21 June 2009

Getting in and out of the Geneva airport was easy. Customs took about 15 minutes and then we were off to find the train station. Being disoriented from lack of sleep, being in a new town, and not speaking French, it took us about 20 minutes to find the train station and get boarded. The Geneva airport isn't the main TGV stop, so we had to take a 5 minute ride on a local train into the city center, where we had to wait 2 hours for the TGV to Lyon.

While in Geneva, we had croissants and café at the Café de la Gare. Jackie wasn't really prepared for coffee prepared that way, but by the end of the week, she was used to it. The train to Lyon rambled through the hills around Geneva, so it never really got up to TGV speeds. But, it was just warm enough and rocked back and forth enough that we both nodded off a bit. The Lyon train station was pretty hectic, but we were able to get to our Avignon train easily enough. I managed to sleep most of the way from Lyon to Avignon.

We arrived in Avignon on the heels of Le Mistral. The Mistral is a wind that just beats the tar out of Provence. Coming from Oklahoma, it doesn't seem that big of a deal, but it's definitely more violent than the winds we get back home. It took us a while to find the Avis rental car counter from the Avignon TGV because we walked out the wrong doors. We were about to walk the 2 miles into Avignon center, when I stopped to ask a bus driver (using very bad French) where the Avis desk was. After a few rounds of hand-waving, I was able to convey what I needed and he pointed me to the correct door.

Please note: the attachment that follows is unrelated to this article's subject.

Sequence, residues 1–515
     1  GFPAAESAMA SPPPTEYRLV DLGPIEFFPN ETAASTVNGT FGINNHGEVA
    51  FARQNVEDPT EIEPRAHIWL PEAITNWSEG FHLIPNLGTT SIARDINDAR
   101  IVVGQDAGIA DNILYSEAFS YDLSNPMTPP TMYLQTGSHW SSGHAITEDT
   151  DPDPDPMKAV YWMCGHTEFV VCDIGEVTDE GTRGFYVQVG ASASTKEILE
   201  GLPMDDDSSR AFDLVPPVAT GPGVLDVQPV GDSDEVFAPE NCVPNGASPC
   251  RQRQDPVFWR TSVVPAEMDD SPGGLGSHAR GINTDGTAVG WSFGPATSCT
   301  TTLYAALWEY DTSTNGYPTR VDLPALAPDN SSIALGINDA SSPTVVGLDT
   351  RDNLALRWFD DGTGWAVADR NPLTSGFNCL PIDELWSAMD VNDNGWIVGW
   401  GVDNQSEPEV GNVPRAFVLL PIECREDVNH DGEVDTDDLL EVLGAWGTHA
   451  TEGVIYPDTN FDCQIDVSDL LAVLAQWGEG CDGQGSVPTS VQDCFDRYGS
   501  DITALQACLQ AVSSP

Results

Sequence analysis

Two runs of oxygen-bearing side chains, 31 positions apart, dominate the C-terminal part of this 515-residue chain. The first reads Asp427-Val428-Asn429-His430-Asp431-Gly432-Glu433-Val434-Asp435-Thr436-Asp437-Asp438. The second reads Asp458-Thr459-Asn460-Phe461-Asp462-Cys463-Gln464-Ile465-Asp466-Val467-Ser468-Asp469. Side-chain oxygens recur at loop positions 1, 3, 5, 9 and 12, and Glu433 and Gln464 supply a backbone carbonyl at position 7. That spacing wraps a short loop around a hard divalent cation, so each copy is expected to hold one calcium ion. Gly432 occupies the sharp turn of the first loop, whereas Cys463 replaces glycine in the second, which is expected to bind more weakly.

The trip from Avignon to St. Remy was pretty uneventful. Other than the fact that the Garmin Nuvi took us through some novel routes to get away from the TGV, going through some areas that we probably wouldn't (or shouldn't) have gone through on our own. This did allow me to get accustomed to roundabouts before getting into the flow of heavy traffic.

We arrived at our B&B about 4 pm on Sunday. The woman who runs the place is an ex-pat from California, who's lived in France since the early 1970's. She could tell that we were tired, but needed some nourishment. After showing us our room, she brought us a bottle of wine, some tapanade, and crackers for us to regain our strength. Lovely woman. In return, I presented her with 2 cans of my favorite spices from the US. If you ever find yourself in St. Remy, I can definitely recommend their B&B, even if it is a little off the beaten path. St. Remy is so small, that being off the beaten path doesn't really present any problems–the city center is a 15 minute walk from their B&B.

The rest of the afternoon was spent hanging out on the patio, drinking wine, and eating the tapanade. As the evening began, we drove into the "center" of St. Remy and found the local market. We bought some bottled water and snacks for the next few days. Our body clocks were so off from the travel, so we just snacked in our room and went to bed around 10 pm.

Culture shocker: Pay toilets with an attendant. I think I prefer paying €0.50 to have a clean bathroom than taking my chances in a US airport or train station. Plus, it's more difficult to "meet new friends" this way. Yeah, I definitely prefer the privacy.

Tomorrow – Aix-en-Provence. If you want to skip all the talk and see the pics, just browse over to my Photo site.